A 70-year-old Belgian was arrested by Dutch police in Liempde last Saturday for possessing 32 illegally-held birds. The birds, including Chaffinches and two types of lark, were found to be illegally ringed. The handler was fined €1250.
The birds were confiscated by authorities and will be examined. If they are healthy the birds will be released into the wild.
In recent years the Netherlands has seen an increase in illegal bird trade. In this case the police were tipped off by a citizen.
Source: Flinke boete voor illegale vogels Liempde
Earlier this month a flock of 3,000 Sociable Lapwings was discovered in Turkey. It was the largest flock of this endangered bird seen in over 100 years. The flock was discovered when BirdLIfe in Turkey followed a Lapwing that had been tagged in Kazakhstan.
Sociable Lapwing by Alastair Rae, Creative Commons on Flickr
Just a few years ago the total Sociable Lapwing population was thought to be as few as 400 individual birds. BirdLife partners in several different countries, including Syria, Kazakhstan and Turkey, have been working hard during the past few years to protect this species by preserving winter, summer and stopover sites for the migratory Sociable Lapwing.
Read more about the return of the Sociable Lapwing.
The Saemangeum Wetland in South Korea was drained last year by the closure of a seawall. The project was intended to create rice paddy fields but the impact of local wildlife has been disastrous.
The water level of the wetland has dropped from seven meters to 17 centimeters. Mud now covers shellfish beds and plants that once thrived in the area and sustained the numerous birds that fed there.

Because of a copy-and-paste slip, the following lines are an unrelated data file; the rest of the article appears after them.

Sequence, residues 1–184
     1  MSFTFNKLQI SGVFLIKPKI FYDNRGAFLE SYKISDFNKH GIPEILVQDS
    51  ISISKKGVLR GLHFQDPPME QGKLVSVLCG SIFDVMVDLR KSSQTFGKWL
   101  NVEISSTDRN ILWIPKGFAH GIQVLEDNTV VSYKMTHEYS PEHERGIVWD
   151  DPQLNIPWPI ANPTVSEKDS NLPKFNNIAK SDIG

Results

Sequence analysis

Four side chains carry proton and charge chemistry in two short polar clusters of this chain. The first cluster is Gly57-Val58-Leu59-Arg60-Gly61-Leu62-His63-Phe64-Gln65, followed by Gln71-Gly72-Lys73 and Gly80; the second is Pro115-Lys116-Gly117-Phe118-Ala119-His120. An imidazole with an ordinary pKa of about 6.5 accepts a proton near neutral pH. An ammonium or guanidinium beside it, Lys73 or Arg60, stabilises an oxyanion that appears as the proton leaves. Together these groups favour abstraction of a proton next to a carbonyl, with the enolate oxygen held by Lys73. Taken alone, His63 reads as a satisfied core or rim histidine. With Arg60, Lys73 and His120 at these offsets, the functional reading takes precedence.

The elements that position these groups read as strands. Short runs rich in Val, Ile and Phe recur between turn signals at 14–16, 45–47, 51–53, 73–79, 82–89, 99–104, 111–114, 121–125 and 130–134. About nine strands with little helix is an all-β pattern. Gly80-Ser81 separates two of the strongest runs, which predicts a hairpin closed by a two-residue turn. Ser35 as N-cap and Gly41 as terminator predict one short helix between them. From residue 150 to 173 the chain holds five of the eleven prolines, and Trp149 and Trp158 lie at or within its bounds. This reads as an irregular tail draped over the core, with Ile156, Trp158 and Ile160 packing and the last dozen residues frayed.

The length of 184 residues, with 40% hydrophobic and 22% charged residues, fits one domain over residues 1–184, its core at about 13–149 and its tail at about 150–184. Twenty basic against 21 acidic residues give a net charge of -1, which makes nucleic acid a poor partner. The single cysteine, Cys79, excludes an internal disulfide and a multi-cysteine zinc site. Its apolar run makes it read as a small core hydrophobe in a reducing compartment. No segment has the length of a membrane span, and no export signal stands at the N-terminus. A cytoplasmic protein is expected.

The estuary was an important stopping off point for migratory birds. At least two bird species, the Spoon-billed Sandpiper and Nordmann’s Greenshank, face extinction because of the destruction of this wetland.
Birds Korea has appealed to the UK and EU for help in restoring, conserving and maintaining Saemangeum.
Read more about the dying wetland.
Chinese scientists have implanted electrodes into a pigeon’s brain to control behavior by electrical stimulation. Using remote control, the scientists have been able to command the bird to such tasks as turning during flight and landing.
The stimulation to the robo-pigeon’s brain is controlled by computers. Robot birds might be used for tasks like surveillance, rescue and mapping in the future.
Source: Chinese scientists create ‘robot’ pigeon
A remote colony of about 100 Slender-Billed Vultures was discovered earlier this month by the Wildlife Conservation Society Cambodia. The birds are critically endangered.
A dramatic decline in vulture numbers is due to the use of diclofenac in cattle, a pain reliever used for livestock. Vultures that subsequently fed on carcasses that had been treated with diclofenac later died from the drug.
Read more about the discovery.
An Indian Myna bird has been spotted at the Launceston Airport in Tasmania. The bird is not native to Tasmania and could have a big impact on agriculture and native species if it becomes established. Read the full story Bird sighting fuels biosecurity fears.
A Sumatran Ground-cuckoo has been photographed by a camera set up to survey tigers in northern Sumatra. The camera was set up by a joint British-Indonesian team in order to survey the tiger population close to the Kerinci Seblat National Park. A sighting of the cuckoo had only been recorded once in the last 90 years. Read the full story Tiger trap goes cuckoo on BirdLife International.
Mute swans in New York are driving native ducks and geese from their traditional nesting spots. The swans, natives of Europe and Asia, are being culled by state biologists in an attempt to decrease the population, which has reached about 3,000 birds. Read the full story Attack on bird ruffles feathers.
Smuggling in the Middle East and Asia is driving some falcon species to extinction. The black market in birds of prey can yield bigger profits than selling drugs or weapons. Read the full story Falcon smugglers swoop to profits, endanger birds from Reuters.
When they were in power, the Taliban banned pigeon fanciers from flying their flocks. Recently, at least six flocks of pigeons may be seen exercising above the dull rooftops of Kabul on a given evening. Read about one pigeon keeper in Griff Witte’s story Pigeons take to the skies over Kabul from The Washington Post.